The 21 Sep 1929 Motion Picture News production chart listed a 23 Nov 1929 release date, but two months later, the 16 Nov 1929 edition announced a 20 Dec 1929 release. The 1 Jan 1930 Var confirmed that the picture had opened in several cities by late Dec 1929. The New York opening was held on 10 Jan 1930 at the Capitol Theatre, according to the 15 Jan 1930 Var review.
       Both Var and the 12 Jan 1930 FD review complained of the weak plot and forced comedy.

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SOURCE CITATIONS
SOURCE
DATE
PAGE
Exhibitors Herald-World
20 Apr 1929
p. 43
Exhibitors Herald-World
25 May 1929
p. 28
Exhibitors Herald-World
13 Jul 1929
p. 33
Exhibitors Herald-World
27 Jul 1929
p. 48
Film Daily
31 Jan 1929
p. 8
Film Daily
12 Jan 1930
p. 13
Hollywood Filmograph
6 Jul 1929
p. 7
Motion Picture News
16 Feb 1929
p. 498
Motion Picture News
30 Mar 1929
p. 986
Motion Picture News
18 May 1929
p. 1738
Motion Picture News
20 Jul 1929
p. 279
Motion Picture News
3 Aug 1929
p. 502
Motion Picture News
10 Aug 1929
p. 634
Motion Picture News
7 Sep 1929
p. 948
Motion Picture News
21 Sep 1929
p. 1090
Motion Picture News
2 Nov 1929
p. 96
Motion Picture News
16 Nov 1929
p. 53
New York Times
11 Jan 1930
p. 21
Variety
24 Apr 1929
p. 10
Variety
8 May 1929
p. 4
Variety
14 Aug 1929
p. 21
Variety
13 Nov 1929
p. 64
Variety
1 Jan 1930
p. 8
Variety
15 Jan 1930
p. 37
CAST
PRODUCTION CREDITS
NAME
PARENT COMPANY
NAME
CREDITED AS
CREDIT
DIRECTOR
PHOTOGRAPHY
Merritt B. Gerstad
Dir of photog
ART DIRECTOR
Art dir
FILM EDITOR
Film ed
COSTUMES
Ward
SOUND
G. A. Burns
Rec eng
Rec eng
SOURCES
SONGS
"Navy Blues," words by Roy Turk, music by Fred E. Ahlert.
SONGWRITER/COMPOSER
DETAILS
Alternate Title:
The Gob
Release Date:
20 December 1929
Premiere Information:
New York opening: 10 Jan 1930
Production Date:
began 20 Jul 1929
Copyright Info
Claimant
Date
Copyright Number
Metro-Goldwyn-Mayer Distributing Corp.
2 January 1930
LP959
Physical Properties:
Sound
Movietone
Black and White
Sound, also silent
Also si; 6,195 ft.
Duration(in mins):
75
Length(in feet):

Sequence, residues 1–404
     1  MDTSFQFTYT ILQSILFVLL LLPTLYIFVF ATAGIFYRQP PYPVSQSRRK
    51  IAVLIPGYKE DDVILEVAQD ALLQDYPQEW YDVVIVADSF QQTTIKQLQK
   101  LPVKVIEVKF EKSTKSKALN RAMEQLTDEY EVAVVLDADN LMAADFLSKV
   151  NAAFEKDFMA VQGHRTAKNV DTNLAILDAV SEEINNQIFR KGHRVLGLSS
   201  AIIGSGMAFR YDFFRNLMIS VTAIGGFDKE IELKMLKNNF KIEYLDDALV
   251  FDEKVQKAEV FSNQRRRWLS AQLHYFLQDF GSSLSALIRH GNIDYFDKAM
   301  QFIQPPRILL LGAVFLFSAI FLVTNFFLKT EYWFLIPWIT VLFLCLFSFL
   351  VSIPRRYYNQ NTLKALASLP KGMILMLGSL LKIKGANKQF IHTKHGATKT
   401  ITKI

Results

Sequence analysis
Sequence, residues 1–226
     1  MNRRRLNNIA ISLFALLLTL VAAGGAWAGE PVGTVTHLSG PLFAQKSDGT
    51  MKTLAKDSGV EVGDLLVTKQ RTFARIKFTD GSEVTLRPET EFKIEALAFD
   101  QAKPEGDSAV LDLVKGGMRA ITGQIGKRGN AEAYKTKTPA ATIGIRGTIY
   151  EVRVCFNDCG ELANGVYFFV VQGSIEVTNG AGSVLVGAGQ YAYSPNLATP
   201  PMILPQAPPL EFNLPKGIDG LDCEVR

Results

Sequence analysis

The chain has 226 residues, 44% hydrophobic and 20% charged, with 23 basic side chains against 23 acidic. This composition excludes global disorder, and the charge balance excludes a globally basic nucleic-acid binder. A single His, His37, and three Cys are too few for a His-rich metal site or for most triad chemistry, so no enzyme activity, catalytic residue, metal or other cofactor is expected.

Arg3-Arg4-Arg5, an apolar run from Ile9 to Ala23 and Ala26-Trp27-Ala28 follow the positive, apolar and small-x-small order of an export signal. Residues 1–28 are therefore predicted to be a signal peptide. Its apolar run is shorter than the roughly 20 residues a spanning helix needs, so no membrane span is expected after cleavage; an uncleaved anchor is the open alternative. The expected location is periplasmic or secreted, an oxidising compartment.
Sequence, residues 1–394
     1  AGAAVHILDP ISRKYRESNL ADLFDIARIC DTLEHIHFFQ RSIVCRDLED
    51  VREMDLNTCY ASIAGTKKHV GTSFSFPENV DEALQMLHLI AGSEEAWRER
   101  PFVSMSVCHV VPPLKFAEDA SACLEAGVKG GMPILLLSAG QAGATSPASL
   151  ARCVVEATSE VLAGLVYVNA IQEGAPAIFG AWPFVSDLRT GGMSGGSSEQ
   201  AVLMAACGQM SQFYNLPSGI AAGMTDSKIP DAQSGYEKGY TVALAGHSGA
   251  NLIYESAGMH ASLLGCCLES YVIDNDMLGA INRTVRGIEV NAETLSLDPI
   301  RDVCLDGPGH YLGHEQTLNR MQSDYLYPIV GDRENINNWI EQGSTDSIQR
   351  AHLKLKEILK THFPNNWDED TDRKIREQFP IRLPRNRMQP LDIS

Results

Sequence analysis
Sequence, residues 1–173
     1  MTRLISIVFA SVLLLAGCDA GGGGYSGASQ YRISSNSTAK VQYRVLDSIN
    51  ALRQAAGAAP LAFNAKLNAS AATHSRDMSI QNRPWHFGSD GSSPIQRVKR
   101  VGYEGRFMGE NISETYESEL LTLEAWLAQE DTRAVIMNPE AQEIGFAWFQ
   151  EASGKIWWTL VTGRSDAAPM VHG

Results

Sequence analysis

6,936
Length(in reels):
9
Country:
United States
Language:
English
SYNOPSIS

Kelly, a sailor on shore leave, meets Alice at a dancehall, and she takes his flirtatious behavior seriously. When her parents object to the relationship, Alice leaves home to join Kelly, causing him to reconsider his position; and he sees to it that she is properly installed in a hotel just as his liberty expires. After a cruise, Kelly returns and is happily united with the ...

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Kelly, a sailor on shore leave, meets Alice at a dancehall, and she takes his flirtatious behavior seriously. When her parents object to the relationship, Alice leaves home to join Kelly, causing him to reconsider his position; and he sees to it that she is properly installed in a hotel just as his liberty expires. After a cruise, Kelly returns and is happily united with the girl.

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GENRE
Genre:


Subject
Subject (Major):

Legend
Viewed by AFI
Partially Viewed
Offscreen Credit
Name Occurs Before Title
AFI Life Achievement Award

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KEEP EXPLORING
Dance halls, Flirtation, Sailors
The American Film Institute is grateful to Sir Paul Getty KBE and the Sir Paul Getty KBE Estate for their dedication to the art of the moving image and their support for the AFI Catalog of Feature Films and without whose support AFI would not have been able to achieve this historical landmark in this epic scholarly endeavor.